• psychologically disturbed: (In his Daoist phase, in fact, Carrier had profound visions . . . He left open whether it was a hallucination or a “supernatural encounter.”)
  • with a deep-seated personal hatred of God and Jesus: (Carrier’s atheism can be described as a virulent hatred of the biblical God. . . . According to Carrier’s characteristically heated language, the God of the Old Testament is a “demonic monster . . . worthy of universal condemnation, not worship. . . . (Interestingly, Carrier’s interpretation of Yahweh as a daimon accords with ancient gnostic Christian views.))
  • extremist, superficial and fringe: (responding to the extremes of Fundamentalism with equally extreme views . . . Carrier’s scholarship exists, it would seem, to prove Christianity (or Carrier’s understanding of it) wrong. . . . . he uses seemingly scholarly methods and arguments to deny the historicity of Jesus. He is a trained scholar, even if he exists on the fringes of the academic guild.) — (all quotes from pages 33 to 35)

So having introduced Carrier through such a neutral and objective perspective Litwa says we must always be scholarly in our treatment of the myth thesis:

Whatever Carrier’s motivations, if his claims are to be opposed, it must be on the level of careful argument. (p. 35)

It’s always good to see a scholar sticking to the issues and not letting personal quirks get in the way.

In place of summing up Carrier’s principal method and argument, Litwa instead singles out (removed from context) four points addressed by Carrier in On the Historicity of Jesus: Why We Have Reason to Doubt.

Point 1: The Hero Pattern

Litwa explained at the outset that the reason for discussing Carrier’s (and Bauer’s and Brodie’s) arguments was to demonstrate how comparisons ought not to be done. Yet when Litwa discusses Carrier’s points about the Rank-Raglan hero pattern he repeatedly misrepresents Carrier’s method of comparison and even the whole rationale for the Rank-Raglan list.

To begin with, Litwa curiously infers (pp. 36-37) that for a literary hero to meet many of the Rank-Raglan points the author must have had such a pattern in mind and that he or she must have consciously copied from it, and that Jesus was more likely copied from Jewish heroes (as if the R-R reference class were irrelevant to Jewish mythology). First of all, Moses himself scores high in the Rank-Raglan list, 20 out of a possible 22! Second, no-one suggests that a hero conforming to the R-R pattern was consciously modelled on some form of a R-R scheme.

Litwa next singles out the R-R points which do not apply to Jesus as if that makes any difference to the fact of the many more matches. There is not a single hero in the literature that meets all 22 in the list (the highest scorer is Oedipus with 21 matches) but that does not invalidate the list as a general descriptor of certain hero types.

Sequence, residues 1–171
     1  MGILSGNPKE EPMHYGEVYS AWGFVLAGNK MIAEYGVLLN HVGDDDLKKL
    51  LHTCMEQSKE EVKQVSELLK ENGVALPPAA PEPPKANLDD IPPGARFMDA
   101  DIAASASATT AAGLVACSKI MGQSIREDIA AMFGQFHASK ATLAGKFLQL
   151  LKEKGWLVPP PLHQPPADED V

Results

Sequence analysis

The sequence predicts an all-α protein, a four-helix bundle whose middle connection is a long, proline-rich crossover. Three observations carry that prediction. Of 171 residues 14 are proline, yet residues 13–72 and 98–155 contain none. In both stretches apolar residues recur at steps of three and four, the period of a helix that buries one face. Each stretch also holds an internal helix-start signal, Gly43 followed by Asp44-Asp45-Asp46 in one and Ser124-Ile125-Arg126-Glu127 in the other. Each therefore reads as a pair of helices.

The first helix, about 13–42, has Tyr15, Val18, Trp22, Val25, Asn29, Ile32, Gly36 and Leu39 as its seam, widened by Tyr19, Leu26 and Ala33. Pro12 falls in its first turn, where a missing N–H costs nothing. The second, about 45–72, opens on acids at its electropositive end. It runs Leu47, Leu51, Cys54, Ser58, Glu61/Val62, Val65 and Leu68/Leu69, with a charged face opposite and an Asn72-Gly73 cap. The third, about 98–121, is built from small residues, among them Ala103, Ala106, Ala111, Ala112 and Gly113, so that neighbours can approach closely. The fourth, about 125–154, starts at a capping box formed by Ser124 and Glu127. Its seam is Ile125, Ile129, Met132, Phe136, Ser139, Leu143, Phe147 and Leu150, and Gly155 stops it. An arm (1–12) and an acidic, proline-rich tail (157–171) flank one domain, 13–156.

Further, Litwa protests that some of the Jesus comparisons derive from an allegorical interpretation of Jesus.

Carrier avers, for instance, that though Jesus failed to marry a princess, he took the church as his bride. (p. 37)

Litwa identifies the source for this assertion as page 233 of On the Historicity of Jesus. But when we turn to that page we read that Carrier makes a point of NOT counting that detail in his list of comparisons:

However, the peculiar absence of that last element practically advertises the fact that he does merit that element allegorically, from the earliest time Jesus was imagined to have taken the ‘church’ as his bride, which was indeed understood to be the ‘daughter’ of his predecessor (the nation of Israel). So in all honesty we could assign him that element as well. But as it is not ‘literal’ I will leave his score at twenty. (Carrier, 233)

I earlier questioned whether Litwa seriously expected readers to read for themselves Maurice Casey’s attack on mythicists. I have to assume that Litwa does not expect readers to check for themselves his (false) inference that Carrier added an allegorical interpretation of Jesus to augment his Rank-Raglan match.

There are more flaws in Litwa’s criticism. He interprets qualified statements as if they are unqualified (e.g. “an attempt is made to kill the infant, usually by his father or maternal grandfather” become “[Jesus] father or grandfather did not try to kill him”) and entirely ignores the place and function of the Rank-Raglan reference class in Carrier’s larger argument. No, Carrier most certainly does not use it to declare that Jesus did not exist. Carrier points out — despite Litwa’s overall suggestions to the contrary — that historical persons do feature to varying extents on the reference class as well as mythical ones.